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Olympic medal record
Men's Athletics
Competitor for  United Kingdom
Gold 1960 Rome 50 km walk

Donald James Thompson MBE (20 January 1933 – 4 October 2006) was a British athlete. He was the only British man to win a gold medal at the 1960 Summer Olympics, held in Rome, in the men's 50 km walk. He also won a bronze medal at the 1962 European Championships, also for the 50 km walk.

Thompson was born in Hillingdon, London. A small man, only 5'5" tall, he was originally a runner, but an injury to his Achilles' tendon forced him to take up race walking instead. He came second in the 52½ miles London to Brighton road race in 1954, and then won the event in each of the following eight years. He raced in the 50 km walk in the 1956 Summer Olympics in Melbourne, Australia, but withdrew dehydrated after 45 km while in fifth place.

He practised to compete at the Olympics Games in Rome in 1960 by exercising in a steam-filled bathroom at home, with the heating turned up and wearing a heavy tracksuit. After exercising for about half an hour, he would feel faint. At the time, he attributed his light-headedness to the effects of heat and humidity, but later realised that it was carbon monoxide fumes from the paraffin heater. His mother made him a hat like a képi to keep the sun off his head and neck during the race; together with his sunglasses, he was nicknamed "Il Topolino" (Italian: "Mickey Mouse", literally "little mouse"). In the 50 km race, staged at temperatures of up to 87°F, the front two competitors were disqualified, and Thompson beat the John Ljunggren of Sweden by 17 seconds to win the gold medal in 4 hours 25 minutes 30 seconds. The only other British competitor to win a gold medal at the 1960 Summer Olympics was Anita Lonsbrough, in the 200 m breaststroke. He was voted Sportsman of the Year in 1960 by the Sports Writers' Association.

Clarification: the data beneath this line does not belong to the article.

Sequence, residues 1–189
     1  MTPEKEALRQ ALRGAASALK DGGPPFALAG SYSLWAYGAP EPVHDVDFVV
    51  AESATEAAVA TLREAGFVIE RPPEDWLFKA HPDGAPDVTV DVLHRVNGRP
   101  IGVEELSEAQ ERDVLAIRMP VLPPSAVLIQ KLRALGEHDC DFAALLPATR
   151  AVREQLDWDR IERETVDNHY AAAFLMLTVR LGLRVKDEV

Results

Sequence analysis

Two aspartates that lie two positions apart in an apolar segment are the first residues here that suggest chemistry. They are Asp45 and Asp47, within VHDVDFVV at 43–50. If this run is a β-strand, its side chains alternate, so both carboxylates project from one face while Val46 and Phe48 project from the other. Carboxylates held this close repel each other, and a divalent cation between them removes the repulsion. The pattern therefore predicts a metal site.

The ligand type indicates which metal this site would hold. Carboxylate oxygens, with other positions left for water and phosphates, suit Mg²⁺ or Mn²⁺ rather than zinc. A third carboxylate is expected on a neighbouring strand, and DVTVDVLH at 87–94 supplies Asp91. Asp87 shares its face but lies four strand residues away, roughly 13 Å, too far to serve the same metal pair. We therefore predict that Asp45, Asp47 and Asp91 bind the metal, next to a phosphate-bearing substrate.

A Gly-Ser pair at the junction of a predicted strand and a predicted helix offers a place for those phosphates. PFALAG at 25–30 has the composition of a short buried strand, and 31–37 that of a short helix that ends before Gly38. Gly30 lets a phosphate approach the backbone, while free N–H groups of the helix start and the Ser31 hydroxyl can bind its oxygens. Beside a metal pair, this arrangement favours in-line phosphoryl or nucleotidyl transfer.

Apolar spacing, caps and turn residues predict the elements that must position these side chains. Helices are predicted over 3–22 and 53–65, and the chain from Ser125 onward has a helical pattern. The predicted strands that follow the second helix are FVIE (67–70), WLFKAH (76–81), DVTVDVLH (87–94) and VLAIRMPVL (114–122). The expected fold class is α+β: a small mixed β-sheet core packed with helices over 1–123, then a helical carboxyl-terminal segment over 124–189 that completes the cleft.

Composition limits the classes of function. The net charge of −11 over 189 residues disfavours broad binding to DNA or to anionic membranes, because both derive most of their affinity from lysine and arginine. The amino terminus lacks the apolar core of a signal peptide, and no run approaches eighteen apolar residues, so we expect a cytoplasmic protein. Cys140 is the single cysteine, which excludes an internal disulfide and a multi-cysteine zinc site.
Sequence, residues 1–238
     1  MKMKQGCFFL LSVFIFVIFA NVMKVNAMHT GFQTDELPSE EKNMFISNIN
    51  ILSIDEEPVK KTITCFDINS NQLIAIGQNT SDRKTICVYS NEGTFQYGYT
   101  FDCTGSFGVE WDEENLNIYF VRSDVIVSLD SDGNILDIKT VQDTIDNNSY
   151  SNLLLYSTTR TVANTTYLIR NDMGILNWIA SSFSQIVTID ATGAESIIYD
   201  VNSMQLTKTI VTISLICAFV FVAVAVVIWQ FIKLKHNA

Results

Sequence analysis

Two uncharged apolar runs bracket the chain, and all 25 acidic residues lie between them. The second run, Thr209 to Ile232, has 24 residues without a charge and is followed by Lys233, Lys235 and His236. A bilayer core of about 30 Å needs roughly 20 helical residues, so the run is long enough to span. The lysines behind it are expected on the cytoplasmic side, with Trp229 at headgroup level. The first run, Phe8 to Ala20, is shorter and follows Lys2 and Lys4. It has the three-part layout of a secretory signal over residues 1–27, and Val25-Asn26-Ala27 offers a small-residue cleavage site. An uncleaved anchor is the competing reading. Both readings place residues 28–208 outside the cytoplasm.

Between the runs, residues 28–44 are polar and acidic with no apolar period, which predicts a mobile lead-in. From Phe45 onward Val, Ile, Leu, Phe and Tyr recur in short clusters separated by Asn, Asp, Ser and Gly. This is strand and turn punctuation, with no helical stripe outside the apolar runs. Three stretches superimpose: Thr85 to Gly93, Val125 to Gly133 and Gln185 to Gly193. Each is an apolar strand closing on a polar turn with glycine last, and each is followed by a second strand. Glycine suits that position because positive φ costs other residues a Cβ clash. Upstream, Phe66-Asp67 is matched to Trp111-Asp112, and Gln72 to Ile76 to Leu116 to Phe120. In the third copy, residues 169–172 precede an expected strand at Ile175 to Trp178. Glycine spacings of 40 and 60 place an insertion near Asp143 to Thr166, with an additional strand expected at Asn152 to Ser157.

He won a bronze medal at the European Championships in 1962, and was tenth at the 1964 Summer Olympics, both in the 50 km walk. He continued racing for another 40 years, until the early 1990s and completing more than 150 marathons and a 100 mile racewalk in 1978. He habitually woke at 4am to run 8 miles each morning. In 1983, he fell and broke his collarbone during a marathon walk in Thanet; undeterred, he completed the race before seeking treatment. He represented Britain in a race in France in 1991, aged 58 years and 89 days, becoming the oldest person to represent Britain in an athletic event.

Outside athletics, he worked as an insurance clerk, and then as a gardener. He was awarded the MBE in 1970. He collapsed at home and died at Frimley Park Hospital after suffering a brain aneurysm. He married in 1967, and was survived by his wife, and their son and daughter.

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